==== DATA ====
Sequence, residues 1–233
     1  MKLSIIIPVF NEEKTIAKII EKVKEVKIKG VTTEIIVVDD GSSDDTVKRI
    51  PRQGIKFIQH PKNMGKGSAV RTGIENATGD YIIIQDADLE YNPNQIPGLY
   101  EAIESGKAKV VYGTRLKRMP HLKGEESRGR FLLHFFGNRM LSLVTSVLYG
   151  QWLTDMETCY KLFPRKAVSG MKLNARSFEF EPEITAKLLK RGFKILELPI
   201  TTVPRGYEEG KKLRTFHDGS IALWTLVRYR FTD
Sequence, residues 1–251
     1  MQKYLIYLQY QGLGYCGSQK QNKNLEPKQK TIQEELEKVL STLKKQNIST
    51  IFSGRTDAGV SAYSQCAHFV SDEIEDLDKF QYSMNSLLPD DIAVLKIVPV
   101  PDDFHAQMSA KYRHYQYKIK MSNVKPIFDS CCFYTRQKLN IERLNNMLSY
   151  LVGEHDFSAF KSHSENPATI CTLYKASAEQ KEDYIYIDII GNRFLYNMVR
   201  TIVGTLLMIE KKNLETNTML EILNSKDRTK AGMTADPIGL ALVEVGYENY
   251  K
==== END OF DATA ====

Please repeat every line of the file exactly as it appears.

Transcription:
Sequence, residues 1–233
     1  MKLSIIIPVF NEEKTIAKII EKVKEVKIKG VTTEIIVVDD GSSDDTVKRI
    51  PRQGIKFIQH PKNMGKGSAV RTGIENATGD YIIIQDADLE YNPNQIPGLY
   101  EAIESGKAKV VYGTRLKRMP HLKGEESRGR FLLHFFGNRM LSLVTSVLYG
   151  QWLTDMETCY KLFPRKAVSG MKLNARSFEF EPEITAKLLK RGFKILELPI
   201  TTVPRGYEEG KKLRTFHDGS IALWTLVRYR FTD
Sequence, residues 1–251
     1  MQKYLIYLQY QGLGYCGSQK QNKNLEPKQK TIQEELEKVL STLKKQNIST
    51  IFSGRTDAGV SAYSQCAHFV SDEIEDLDKF QYSMNSLLPD DIAVLKIVPV
   101  PDDFHAQMSA KYRHYQYKIK MSNVKPIFDS CCFYTRQKLN IERLNNMLSY
   151  LVGEHDFSAF KSHSENPATI CTLYKASAEQ KEDYIYIDII GNRFLYNMVR
   201  TIVGTLLMIE KKNLETNTML EILNSKDRTK AGMTADPIGL ALVEVGYENY
   251  K